Ahmadinejad this week repeated his statement that Khamenei’s relationship with him is like a father to a son. But even high-ranking hard-line voices in the regime, who have supported Ahmadinejad for years, have taken aim at the president this time.
“To obey and submit to the supreme leader is a religious duty that has nothing to do with politics,” said Ayatollah Mohammad Taghi Mesbah Yazdi, who has often been cited as the president’s spiritual mentor. He added that the president’s “legitimacy is based upon the approval of the supreme leader and not the popular vote,” according to a translation by Agence France-Presse.
Khamenei’s representative to the Revolutionary Guard, Hojatoleslam Ali Saeedi, had a similar warning for the president. He told Ahmadinejad that “resisting the supreme leader’s orders is opposition to God and the Hidden Imam…”
Ahmadinejad last week reaffirmed his allegiance to the velayat-e faqih — the post of supreme leader which gives Khamenei final say in all state affairs — but he and Moslehi did not appear in the same room during a Wednesday cabinet meeting.
The immediate crisis was finally defused on Sunday, when Moslehi was shown by Iranian state media sitting in a cabinet meeting, several chairs away from the president.
“We saw that some celebrated. They said the rift has been created,” Ahmadinejad told the cabinet on Sunday, according to a translation of state-run TV by the Associated Press. IRNA news agency quoted him saying that despite “propaganda by enemies over my absence , my entire life … has been geared toward velayat.”
The dispute over the top intelligence post is just one problem for Ahmadinejad, whose son is married to Mashaie’s daughter. Both men have not hidden their obsession with the 12th Imam — the Muslim messiah who Shiites believe will return one day to bring justice to the world — nor their view that this apocalyptic return is imminent.
But many in Iran, including many clerics, see a swift return of the messiah as superstition only — a view that played into the arrest of a handful of Ahmadinejad allies for “sorcery.”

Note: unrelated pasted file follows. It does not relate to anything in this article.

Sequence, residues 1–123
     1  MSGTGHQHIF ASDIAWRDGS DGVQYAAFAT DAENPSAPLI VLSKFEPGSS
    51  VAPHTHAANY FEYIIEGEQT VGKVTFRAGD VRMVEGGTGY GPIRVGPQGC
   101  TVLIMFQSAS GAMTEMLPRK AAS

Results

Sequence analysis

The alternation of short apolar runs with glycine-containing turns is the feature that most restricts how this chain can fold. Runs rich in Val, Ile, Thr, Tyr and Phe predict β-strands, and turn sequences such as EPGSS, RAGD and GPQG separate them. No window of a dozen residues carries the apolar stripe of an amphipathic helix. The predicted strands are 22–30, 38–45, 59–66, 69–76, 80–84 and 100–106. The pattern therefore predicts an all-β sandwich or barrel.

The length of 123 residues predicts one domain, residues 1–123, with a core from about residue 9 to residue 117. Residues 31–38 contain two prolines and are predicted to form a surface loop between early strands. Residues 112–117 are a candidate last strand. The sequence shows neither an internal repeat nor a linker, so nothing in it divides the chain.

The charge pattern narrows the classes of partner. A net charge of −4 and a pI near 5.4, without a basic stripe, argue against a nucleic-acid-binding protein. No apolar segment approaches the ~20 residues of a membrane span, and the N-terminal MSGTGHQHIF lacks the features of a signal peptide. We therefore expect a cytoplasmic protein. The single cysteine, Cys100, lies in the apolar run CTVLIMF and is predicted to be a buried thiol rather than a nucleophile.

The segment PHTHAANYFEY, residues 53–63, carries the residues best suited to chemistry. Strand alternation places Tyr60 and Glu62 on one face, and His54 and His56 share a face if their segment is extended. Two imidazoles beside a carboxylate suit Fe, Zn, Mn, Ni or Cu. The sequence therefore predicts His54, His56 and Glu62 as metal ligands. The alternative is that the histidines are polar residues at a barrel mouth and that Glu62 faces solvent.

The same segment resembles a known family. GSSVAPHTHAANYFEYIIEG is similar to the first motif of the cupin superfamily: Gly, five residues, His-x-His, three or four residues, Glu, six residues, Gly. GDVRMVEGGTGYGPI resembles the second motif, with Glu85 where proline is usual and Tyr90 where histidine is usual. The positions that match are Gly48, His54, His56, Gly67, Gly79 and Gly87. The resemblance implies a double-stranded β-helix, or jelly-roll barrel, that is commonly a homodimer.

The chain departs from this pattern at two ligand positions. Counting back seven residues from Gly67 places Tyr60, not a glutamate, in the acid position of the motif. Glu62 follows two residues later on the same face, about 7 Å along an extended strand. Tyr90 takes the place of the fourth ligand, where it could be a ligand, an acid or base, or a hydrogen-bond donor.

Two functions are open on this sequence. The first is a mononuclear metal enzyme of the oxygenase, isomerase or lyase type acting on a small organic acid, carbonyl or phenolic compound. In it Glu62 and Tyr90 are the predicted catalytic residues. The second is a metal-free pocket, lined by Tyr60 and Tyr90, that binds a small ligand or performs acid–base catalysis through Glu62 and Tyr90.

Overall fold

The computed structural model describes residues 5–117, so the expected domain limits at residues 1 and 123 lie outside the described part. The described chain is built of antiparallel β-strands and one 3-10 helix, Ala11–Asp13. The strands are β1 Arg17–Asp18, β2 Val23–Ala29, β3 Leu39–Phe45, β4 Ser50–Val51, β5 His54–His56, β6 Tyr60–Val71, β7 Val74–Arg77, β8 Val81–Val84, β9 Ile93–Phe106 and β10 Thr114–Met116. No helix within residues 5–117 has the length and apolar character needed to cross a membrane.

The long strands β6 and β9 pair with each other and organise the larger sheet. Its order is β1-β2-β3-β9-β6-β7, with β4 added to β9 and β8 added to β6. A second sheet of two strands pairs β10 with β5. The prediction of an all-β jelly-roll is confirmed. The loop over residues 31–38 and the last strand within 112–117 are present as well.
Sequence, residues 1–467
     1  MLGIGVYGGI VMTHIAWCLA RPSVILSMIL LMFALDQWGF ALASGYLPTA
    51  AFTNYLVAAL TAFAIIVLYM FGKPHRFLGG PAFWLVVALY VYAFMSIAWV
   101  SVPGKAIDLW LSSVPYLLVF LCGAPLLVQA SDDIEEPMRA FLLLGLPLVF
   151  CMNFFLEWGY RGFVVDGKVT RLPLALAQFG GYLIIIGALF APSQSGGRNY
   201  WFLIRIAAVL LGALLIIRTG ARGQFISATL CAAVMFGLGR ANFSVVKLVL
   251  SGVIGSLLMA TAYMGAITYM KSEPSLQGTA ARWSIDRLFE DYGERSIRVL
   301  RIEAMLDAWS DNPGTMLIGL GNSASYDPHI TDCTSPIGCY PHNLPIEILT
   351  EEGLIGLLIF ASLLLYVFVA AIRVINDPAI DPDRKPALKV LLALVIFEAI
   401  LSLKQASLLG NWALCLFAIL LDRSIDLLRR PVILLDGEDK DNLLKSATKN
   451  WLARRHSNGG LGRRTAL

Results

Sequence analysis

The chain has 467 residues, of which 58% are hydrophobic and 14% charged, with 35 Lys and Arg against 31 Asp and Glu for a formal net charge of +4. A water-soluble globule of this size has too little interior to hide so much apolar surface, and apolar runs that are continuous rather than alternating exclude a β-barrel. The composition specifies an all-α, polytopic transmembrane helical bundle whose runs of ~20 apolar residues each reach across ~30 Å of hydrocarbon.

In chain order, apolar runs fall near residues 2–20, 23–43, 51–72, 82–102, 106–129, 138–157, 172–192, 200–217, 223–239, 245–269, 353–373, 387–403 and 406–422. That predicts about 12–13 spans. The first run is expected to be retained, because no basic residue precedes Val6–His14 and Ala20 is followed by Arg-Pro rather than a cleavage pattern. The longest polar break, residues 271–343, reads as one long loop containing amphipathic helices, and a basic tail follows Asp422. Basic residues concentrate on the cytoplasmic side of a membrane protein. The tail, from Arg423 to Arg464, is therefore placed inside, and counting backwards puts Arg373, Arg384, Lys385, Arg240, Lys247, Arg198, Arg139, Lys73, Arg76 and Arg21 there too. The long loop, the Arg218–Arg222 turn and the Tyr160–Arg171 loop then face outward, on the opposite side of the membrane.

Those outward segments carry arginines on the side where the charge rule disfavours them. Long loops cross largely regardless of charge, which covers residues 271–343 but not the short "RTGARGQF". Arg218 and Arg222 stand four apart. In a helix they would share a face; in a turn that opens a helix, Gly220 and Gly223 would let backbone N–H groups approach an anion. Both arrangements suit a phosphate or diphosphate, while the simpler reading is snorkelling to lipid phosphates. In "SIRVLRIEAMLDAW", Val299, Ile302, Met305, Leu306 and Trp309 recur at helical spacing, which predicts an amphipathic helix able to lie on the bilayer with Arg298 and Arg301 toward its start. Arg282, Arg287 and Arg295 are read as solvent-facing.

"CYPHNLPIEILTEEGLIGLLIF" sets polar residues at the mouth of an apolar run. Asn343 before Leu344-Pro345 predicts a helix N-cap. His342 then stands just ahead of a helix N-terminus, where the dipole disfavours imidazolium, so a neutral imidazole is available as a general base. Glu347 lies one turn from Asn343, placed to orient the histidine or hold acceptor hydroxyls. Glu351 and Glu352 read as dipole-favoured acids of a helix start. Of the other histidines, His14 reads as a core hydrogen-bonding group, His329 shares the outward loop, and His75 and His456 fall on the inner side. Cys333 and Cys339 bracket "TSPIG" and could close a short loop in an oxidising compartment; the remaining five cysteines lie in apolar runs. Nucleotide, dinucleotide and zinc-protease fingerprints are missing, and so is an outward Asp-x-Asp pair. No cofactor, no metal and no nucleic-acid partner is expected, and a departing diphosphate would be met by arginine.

Among them was Abbas Amirifar, who heads the president’s cultural affairs office, and was picked up on May 1 for promoting a DVD called “The Appearance is Imminent” that describes the president, supreme leader and chief of Lebanon’s Shiite Hezbollah movement, Sheikh Hassan Nasrallah, as paving the way for the return of the 12th Imam.
Other arrests have also been reported among those close to Mashaie — whom Ahmadinejad is widely believed to be positioning to succeed him as Iran’s next president — for “sorcery” and summoning of spirits.
“Certain people within the regime have forgotten the values of the revolution and seek to misrepresent Islam … but the people do not follow demons or djinns, and will not tolerate such deviance,” warned Revolutionary Guard commander Mohammad Ali Jafari.
Mashaie has drawn fire from hard-liners for promoting an “Iranian school of Islam” that amounts to Islam without clerics — a taboo notion is this religious regime. He has in the past spoken about the Israelis — citizens of Iran’s archenemy — as “beautiful people.”
When Ahmadinejad named Mashaie first vice president in 2009, Khamenei overruled him. But to the surprise of many, the president took one week to act on Khamenei’s order — and then snubbed the supreme leader by appointing Mashaie to be his chief of staff.
The political gamesmanship has shown Ahmadinejad to be a gutsy politician, in keeping with his accumulation of power in a presidential post that — almost by definition in Iran — has limited influence.
But the latest episode also shows a lack of judgment that will embolden Ahmadinejad’s enemies.
“I think he overplayed his hand,” says Khonsari in London, though he says Ahmadinejad is far from a lame duck president. “He’s just received a setback at this stage it has some political costs for him. But it’s not something that will cripple him just yet.”